Hyderabad entered the records of history books with the establishment
of the Qutub Shahi dynasty by Quli Qutub Shah who usurped the Bahamani
Kingdom in 1512 and established the fortress city of Golconda. Muhammad
Quli Qutb Shah, the fifth in the line of Qutub Shahi rulers, moved his
capital to the new place and thus Hyderabad came into being in 1590. Among
other reasons, scarcity of water city in the Golconda city played an important
role in this relocation
Hydrabad an ancient city is the city of Nizams. Whole hyderabad
is situated on the rocks or the rocks are on the Hyderabad I went to Hyderabad for an interview and was amazed to see the beauty
of the city.
Tourist attractions in Hyderabad
A famous landmark of Hyderabad, Charminar is the shining example of the
Qutb Shahi architecture. Built in 1591 to commemorate the end of the plague,
the amazing rectangular monument was built upon four grand arches by Muhammad
Quli Qutb Shah.
Founded originally by the Kakatiya rulers in the 13th century, the historic citadel was expanded by the Qutb Shahi rulers into a gigantic fort of granite with walls and ramparts extending some 7kms in circumference. The fortress city within the walls was famous for the diamond trade and the Koh-i-noor diamond is said to have come from here Mecca Masjid
India's second-largest mosque, Mecca Masjid (the biggest being Jama Masjid
in Delhi) is located on Kishan Prasad Rd, near Charminar. Patterned on
the Grand Mosque at Mecca, the mosque attracts thousands of worshippers
during Namaaz, Friday prayers.
Qutb Shahi Tombs
The tombs were built in the memory of the departed rulers of the Golconda
rulers. Located at a distance of one kilometre north of Golconda fort's
Banjara Darwaza, the tombs are magnificent, that of Sultan Muhammed Quli
Qutb Shah being most impressive.
Once furnished with carpets, decorative chandeliers and beautiful velvet canopies on silver posts, Qutub Shahi’s Tombs are elegant structures with finely carved stonework surrounded by landscaped gardens, displaying a distinctive style, an amalgam of Persian, Pathan and Hindu architectural styles. The various facets and corners of the tombs have been diligently upholding the distinct architectural specialties of art in the times of the past.
Snugly set amid scenic and landscaped gardens, known as Ibrahim bagh, Qutub Shahi’s Tombs are dedicated to the memory of the seven Qutub Shahi kings who dominated over Golconda for around 170 years. The most articulate specimens of Indo-Persian architecture influenced by Deccan structural styles comprise these tombs. As a result there has been the emergence of a distinctive Qutub Shahi school marked by flamboyance of domes, arches, towers and columns. These architectural features began surfacing during the era of Ibrahim Qutub Shah and rose to their climax during the rule of Muhammed Quli Qutub Shah.
The gray granite tombs of Qutub Shahi adorned with exquisite ornamentation are predominantly domed structures, which stand on an raised square base bounded by pointed arches. Each quadrangular tomb rises to an elevation of 9 - 15 meters over the terrace. The larger tombs are double storied while the minor ones are single storied. In earlier times, Qurans were kept on stands and readers orated verses from the sacred book in regular intervals. Even golden spires topped the tombs of the Sultans to tell apart their tombs from rest of the members of the royal family. However the golden cupolas no longer exist. Few of the blue and green tiles that once adorned the domes of the tombs still grace the mausoleums. The tombs of Qutub Shahi consist of the graves of Sultan Quli Qutub-ul-Mulk, Jamsheed Quli Qutub Shah, Ibrahim Quli Qutub Shah, Sultan Muhammad Quli and Sultan Muhammad Qutub Shah.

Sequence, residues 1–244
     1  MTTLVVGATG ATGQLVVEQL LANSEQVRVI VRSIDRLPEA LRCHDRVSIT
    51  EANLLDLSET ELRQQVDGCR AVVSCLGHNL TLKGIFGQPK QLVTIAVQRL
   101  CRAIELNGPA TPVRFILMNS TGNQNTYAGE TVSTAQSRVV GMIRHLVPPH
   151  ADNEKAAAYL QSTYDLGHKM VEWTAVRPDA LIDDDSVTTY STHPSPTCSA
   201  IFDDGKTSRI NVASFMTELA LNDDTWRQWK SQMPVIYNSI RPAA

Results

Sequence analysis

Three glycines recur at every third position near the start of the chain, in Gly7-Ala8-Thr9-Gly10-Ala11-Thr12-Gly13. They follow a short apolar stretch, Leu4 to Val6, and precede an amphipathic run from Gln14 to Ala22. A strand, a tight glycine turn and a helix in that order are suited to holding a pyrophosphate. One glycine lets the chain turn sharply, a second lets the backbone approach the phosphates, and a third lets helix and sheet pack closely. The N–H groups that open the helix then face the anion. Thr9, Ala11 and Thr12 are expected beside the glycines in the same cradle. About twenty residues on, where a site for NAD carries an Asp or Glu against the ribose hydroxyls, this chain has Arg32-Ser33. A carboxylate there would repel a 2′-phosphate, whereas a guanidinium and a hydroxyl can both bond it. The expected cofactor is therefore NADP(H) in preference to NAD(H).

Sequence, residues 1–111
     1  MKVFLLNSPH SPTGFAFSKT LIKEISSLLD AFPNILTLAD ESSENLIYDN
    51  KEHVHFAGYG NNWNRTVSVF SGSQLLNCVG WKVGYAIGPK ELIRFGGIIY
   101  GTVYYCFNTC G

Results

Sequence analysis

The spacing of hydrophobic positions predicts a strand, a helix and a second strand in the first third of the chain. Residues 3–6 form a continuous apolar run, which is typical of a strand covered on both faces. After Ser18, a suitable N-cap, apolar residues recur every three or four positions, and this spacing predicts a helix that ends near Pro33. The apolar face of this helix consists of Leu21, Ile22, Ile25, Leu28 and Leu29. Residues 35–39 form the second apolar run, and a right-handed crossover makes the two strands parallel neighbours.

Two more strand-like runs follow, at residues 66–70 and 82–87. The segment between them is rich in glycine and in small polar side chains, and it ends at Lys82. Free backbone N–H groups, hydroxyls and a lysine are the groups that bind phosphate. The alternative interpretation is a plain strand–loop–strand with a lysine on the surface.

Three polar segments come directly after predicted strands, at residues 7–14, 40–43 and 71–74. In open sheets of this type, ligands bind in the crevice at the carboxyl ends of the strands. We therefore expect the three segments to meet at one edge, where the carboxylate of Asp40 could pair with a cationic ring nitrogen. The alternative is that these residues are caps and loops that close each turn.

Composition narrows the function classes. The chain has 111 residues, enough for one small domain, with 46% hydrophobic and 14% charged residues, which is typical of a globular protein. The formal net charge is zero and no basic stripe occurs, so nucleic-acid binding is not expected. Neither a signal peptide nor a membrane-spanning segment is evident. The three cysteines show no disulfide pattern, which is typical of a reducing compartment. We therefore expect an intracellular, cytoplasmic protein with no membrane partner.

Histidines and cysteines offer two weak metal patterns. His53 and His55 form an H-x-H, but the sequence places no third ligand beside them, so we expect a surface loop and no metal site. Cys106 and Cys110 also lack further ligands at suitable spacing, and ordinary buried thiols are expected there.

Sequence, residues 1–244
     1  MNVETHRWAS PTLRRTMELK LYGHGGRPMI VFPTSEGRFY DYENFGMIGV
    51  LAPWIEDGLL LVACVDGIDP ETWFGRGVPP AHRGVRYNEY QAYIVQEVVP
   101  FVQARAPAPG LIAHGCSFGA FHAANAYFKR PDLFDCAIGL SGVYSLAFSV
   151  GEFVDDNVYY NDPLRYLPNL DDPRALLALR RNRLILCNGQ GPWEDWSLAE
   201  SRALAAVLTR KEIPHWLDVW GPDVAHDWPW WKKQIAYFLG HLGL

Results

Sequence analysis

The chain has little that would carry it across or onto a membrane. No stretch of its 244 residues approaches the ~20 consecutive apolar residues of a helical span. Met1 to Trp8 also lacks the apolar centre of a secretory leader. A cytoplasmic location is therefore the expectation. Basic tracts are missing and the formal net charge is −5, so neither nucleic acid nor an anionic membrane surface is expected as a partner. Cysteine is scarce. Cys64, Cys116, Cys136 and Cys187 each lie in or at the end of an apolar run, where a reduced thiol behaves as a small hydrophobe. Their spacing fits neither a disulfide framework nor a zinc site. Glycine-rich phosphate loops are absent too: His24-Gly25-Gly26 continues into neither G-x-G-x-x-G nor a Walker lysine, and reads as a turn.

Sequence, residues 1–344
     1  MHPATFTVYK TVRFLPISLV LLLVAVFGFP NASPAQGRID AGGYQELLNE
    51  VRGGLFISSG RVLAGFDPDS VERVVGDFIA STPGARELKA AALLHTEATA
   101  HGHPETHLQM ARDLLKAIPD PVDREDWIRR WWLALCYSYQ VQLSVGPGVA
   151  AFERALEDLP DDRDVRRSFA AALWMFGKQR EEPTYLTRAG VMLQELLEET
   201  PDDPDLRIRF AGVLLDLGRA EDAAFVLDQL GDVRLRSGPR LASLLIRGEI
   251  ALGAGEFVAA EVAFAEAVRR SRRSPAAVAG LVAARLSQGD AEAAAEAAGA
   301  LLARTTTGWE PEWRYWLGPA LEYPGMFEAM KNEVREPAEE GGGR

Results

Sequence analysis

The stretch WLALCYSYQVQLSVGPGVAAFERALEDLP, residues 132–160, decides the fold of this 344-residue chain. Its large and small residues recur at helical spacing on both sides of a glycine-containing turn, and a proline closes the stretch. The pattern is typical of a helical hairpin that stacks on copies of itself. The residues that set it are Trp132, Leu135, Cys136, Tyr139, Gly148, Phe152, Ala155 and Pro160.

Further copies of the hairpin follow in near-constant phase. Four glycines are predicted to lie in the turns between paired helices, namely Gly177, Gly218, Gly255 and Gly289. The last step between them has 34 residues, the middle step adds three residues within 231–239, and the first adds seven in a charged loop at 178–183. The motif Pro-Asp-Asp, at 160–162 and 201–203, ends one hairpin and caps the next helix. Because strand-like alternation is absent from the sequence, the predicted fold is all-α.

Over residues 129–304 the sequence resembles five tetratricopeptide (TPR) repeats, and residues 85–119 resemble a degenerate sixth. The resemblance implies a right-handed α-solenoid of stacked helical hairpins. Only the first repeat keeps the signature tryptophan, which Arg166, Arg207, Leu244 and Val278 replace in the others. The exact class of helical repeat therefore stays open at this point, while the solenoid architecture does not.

Literally meaning "Mirror in the Sky", the Falaknuma Palace was built by Sir Vicar ul Umra. Designed by an Italian architect, the palace was later bought by the Nizam. Located 5km south of the Charminar, the architect is a treasure trove of precious possessions of the Nizam.
A collection of works of art by Nawab Salar Jung III, this museum is an unique assortment of kitschy collectibles including Indian and European paintings and statuary. The Jade Room in the museum houses objects which belonged to the medieval Indian rulers like Aurangzeb and Tipu Sultan.
Overlooking the Tank Bund, the white-marble Birla Mandir exhibits an amazing sight when illuminated in the evening. Commissioned by the Birlas, India's foremost business houses, this splendid structure built entirely out of marble from the western state of Rajasthan, stands atop the Kala Pahad, the twin hillock of the Naubat Pahad. The presiding deity of the temple is Lord Venkateshwara.
Heading westward from Charminar, you will find Lad Bazaar, a shopping
centre of the Old City quarter. Ambling through the perennially congested
narrow lanes will be an experience. Here you will find the famous Lacquer
bangles of Hyderabad, made from shellac coated with glossy and colourful
Hyderabad is known as the city of pearls. Kedarnathji Motiwale (near
Bata, Pathergatti) has been supplying pearls and jewelry since 1908. The
pearl market is situated near Charminar. You can buy ornaments made with
Rice pearls from Char Kaman or the General Bazaar Market. Good buys in Hyderabad also include silverware, silkware, saris, paintings
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